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Thanks for the classrooms; now we need computers, say refugee students

Thanks for the classrooms; now we need computers, say refugee students

15 March 2006
The UN refugee agency's Council of Business Leaders, on a visit to refugee projects in East Africa and the Great Lakes, heard Tuesday from Somali refugees in Dadaab, Kenya, that they prize education above almost anything else, and would love a chance to use computers to connect to the wider world.
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DADAAB, Kenya, Mar 15 (UNHCR) - Paul Parach Majak is a 21-year-old Somali with a passion for geography. But as seventh-grader at an underfunded, overcrowded refugee camp primary school with one desk for every eight pupils and one textbook for every six, Paul doesn't have much chance to learn about foreign countries, never mind visit one.

"This is my world," he says, gesturing outside his classroom's open wire windows to the desert that's been his home for nearly half his life. "How will I be able to hear about the world outside here?"

The question was directed at visiting top executives from five of the world's leading corporations who make up the UN refugee agency's Council of Business Leaders (CBL), now on a trip to East Africa and the Great Lakes. An answer to Paul's question came from a representative of the world's leading computer-software company.

"It is essential that you get access to technology and an appropriate curriculum, so you can discover the world beyond these borders," said Patrick De Smedt, Chairman of Microsoft Europe, Middle East and Africa. "I am here learning what your needs are and we are committed to helping you cross these borders."

The 127,000 refugees in the three camps of Dadaab, in eastern Kenya, include huge numbers of young people with a thirst for computers, as the visiting executives found out Tuesday. Mixed with frequent thanks for assistance to schools given by sporting goods manufacturer Nike Inc., another member of the CBL, were pleas for computer education and access to the internet.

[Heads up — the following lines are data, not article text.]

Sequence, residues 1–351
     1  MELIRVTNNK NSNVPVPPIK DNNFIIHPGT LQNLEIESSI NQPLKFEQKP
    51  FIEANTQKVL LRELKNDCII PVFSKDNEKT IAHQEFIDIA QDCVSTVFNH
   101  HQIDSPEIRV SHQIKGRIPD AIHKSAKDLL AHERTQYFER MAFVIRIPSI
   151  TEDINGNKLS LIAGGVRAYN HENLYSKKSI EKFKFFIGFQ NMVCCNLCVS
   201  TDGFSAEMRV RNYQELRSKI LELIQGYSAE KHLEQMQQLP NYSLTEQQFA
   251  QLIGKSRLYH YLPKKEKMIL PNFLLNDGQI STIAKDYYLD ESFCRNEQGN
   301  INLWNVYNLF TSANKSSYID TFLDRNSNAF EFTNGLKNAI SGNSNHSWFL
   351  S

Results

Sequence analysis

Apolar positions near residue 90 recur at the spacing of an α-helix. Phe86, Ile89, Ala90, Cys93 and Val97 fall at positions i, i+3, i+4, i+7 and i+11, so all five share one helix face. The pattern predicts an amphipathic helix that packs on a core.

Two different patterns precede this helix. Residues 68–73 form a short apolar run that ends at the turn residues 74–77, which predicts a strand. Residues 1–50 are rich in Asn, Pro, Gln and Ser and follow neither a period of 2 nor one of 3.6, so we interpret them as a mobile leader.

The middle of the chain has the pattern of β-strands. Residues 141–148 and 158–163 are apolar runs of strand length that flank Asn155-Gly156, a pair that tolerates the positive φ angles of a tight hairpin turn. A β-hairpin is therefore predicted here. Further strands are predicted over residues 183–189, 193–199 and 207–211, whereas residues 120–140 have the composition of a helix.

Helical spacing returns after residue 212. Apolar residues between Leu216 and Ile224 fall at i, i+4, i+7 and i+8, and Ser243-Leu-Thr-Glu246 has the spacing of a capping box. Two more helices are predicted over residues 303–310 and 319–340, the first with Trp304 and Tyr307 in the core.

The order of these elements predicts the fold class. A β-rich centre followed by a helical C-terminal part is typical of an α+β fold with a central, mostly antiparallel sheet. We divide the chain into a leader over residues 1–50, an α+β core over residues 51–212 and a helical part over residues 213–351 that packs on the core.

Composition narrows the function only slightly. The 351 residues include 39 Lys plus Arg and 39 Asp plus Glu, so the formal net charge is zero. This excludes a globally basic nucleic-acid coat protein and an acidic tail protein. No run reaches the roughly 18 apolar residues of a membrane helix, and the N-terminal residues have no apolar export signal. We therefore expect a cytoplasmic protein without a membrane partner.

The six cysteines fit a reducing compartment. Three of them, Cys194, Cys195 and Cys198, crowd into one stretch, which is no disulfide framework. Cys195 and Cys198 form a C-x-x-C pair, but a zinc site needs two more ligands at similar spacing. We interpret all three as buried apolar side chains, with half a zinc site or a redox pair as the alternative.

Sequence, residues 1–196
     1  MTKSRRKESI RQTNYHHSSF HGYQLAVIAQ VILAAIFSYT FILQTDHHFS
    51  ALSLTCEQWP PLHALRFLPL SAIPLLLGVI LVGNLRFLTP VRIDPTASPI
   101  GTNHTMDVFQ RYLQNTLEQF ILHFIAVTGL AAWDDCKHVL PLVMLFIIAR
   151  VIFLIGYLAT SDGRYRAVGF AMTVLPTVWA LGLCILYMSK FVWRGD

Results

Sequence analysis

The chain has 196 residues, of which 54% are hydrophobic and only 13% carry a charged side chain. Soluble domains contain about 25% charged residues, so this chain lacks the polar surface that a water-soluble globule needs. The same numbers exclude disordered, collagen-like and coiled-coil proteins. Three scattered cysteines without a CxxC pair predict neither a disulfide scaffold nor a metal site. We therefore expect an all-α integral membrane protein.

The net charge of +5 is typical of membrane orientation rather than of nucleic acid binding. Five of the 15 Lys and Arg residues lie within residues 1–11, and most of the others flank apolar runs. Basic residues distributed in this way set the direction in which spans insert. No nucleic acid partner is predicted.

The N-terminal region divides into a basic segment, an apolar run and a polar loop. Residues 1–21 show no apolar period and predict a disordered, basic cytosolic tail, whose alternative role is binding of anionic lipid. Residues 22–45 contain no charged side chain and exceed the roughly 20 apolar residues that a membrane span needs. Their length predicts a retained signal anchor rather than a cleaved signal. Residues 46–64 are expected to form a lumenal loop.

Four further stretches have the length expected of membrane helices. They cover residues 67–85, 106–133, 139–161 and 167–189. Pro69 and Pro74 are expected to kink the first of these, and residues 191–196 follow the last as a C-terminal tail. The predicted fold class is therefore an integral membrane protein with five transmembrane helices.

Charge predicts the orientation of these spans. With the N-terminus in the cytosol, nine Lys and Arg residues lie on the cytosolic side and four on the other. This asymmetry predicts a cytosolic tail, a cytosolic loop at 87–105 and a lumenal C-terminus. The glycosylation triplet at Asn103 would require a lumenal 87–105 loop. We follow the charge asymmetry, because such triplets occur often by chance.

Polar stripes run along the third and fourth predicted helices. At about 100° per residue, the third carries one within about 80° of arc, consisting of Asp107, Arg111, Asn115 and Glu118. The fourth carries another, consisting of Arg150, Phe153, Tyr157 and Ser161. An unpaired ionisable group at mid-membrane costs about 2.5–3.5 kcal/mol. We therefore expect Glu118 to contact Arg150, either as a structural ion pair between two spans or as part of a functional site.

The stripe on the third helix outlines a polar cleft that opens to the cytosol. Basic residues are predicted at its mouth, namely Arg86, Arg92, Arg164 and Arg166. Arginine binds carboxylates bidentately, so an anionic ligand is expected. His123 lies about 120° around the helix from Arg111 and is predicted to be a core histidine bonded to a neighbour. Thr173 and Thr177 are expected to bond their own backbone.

"Information is power and lack of it is lack of power," an articulate 24-year-old refugee youth leader, Noor Abdi Ali, told the Council of Business

Leaders. who are led by UNHCR's Deputy High Commissioner, Wendy Chamberlin.

While admitting that he himself had only "a very basic knowledge" of computers, Noor said refugees are crying out for computer literacy and an internet connection that would allow them to earn degrees online and to express their views of the Somali peace process to the leaders of Somalia's new transitional government.

This view was underlined by another young Somali refugee who said: "peace will one day prevail in my country and I will be the future of my country."

Added another young man, who has been a refugee since 1992, almost all his life: "Some of us may become presidents and prime ministers of our own country."

"I am impressed with your positivism and your attitude towards the future," responded De Smedt.

Some 57 young refugees, including 10 women, are taking their first steps towards computer literacy at the Sky Institute, a tiny computer school with four desktop machines located in the market of Ifo Camp, one of the three camps that make up the Dadaab complex. The "institute" is barely the size of a small bedroom in a North American or European apartment, but when the CBL executives visited, students were busy at work learning to type on a keyboard, two students sharing each computer, taking their first steps towards more complex training.

"It's a service to the youth, it's not much of a business," said manager Jibriil Ibrahim Ahmed. Still, in the four years it's been in operation, it's graduated about 350 students, some of whom have found paying jobs with non-governmental organizations in the camp thanks to their computer skills.

But for much of the day, the emphasis was on much more rudimentary aids to education - a privilege that is so prized here that even a 21-year-old like geography fan Paul doesn't mind being in Form 7 (seventh grade) at his age.

Girls, who make up about 20 percent of the pupils at Midnimo Primary School in Ifo Camp, thanked Nike for erecting latrines. The privacy this gives them makes the girls far more willing to attend classes.

Sportswear manufacturer Nike has also built classrooms for the school, helping to bring the number of pupils in each class down from 112 to 45, and has supplied textbooks and writing materials.

"Any support from Nike and other companies will have a very positive effect on our lives and is highly appreciated," a student told the executives. In Dadaab, Nike also funds Together for Girls, a sports program that encourages girls to stay in school.

The Council of Business Leaders, which also includes representatives of pharmaceutical company Merck Inc., accounting giant PricewaterhouseCoopers and employment agency Manpower Inc, was set up last year to build bridges between the corporate and humanitarian communities.

On this trip they are visiting refugee camps and learning more about UNHCR's work in East Africa and the Great Lakes, as well as seeing for themselves the impact of their involvement on the daily life of refugees.

By Kitty McKinsey
In Dadaab, Kenya